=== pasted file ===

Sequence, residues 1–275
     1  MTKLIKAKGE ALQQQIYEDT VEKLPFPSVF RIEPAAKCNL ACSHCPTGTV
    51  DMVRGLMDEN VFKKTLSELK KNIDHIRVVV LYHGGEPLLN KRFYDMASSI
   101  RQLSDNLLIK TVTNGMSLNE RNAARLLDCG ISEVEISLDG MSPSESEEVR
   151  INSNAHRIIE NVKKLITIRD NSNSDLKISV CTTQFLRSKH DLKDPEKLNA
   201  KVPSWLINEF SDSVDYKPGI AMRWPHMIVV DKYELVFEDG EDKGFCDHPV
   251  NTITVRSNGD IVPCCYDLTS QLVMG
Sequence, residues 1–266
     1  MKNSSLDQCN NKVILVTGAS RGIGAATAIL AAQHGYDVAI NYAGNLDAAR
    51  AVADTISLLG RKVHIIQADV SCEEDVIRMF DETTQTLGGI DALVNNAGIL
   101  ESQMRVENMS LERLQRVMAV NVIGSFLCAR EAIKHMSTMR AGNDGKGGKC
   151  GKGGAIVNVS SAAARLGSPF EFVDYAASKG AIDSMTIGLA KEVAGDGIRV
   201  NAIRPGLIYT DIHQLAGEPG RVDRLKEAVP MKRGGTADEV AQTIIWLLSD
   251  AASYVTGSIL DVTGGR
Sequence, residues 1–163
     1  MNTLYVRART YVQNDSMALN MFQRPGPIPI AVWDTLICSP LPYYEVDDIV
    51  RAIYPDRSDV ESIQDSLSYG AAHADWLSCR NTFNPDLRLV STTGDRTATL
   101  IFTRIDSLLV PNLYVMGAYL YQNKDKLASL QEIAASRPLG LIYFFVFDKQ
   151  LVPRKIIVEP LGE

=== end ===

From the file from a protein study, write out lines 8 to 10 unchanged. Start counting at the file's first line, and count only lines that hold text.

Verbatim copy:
Sequence, residues 1–266
     1  MKNSSLDQCN NKVILVTGAS RGIGAATAIL AAQHGYDVAI NYAGNLDAAR
    51  AVADTISLLG RKVHIIQADV SCEEDVIRMF DETTQTLGGI DALVNNAGIL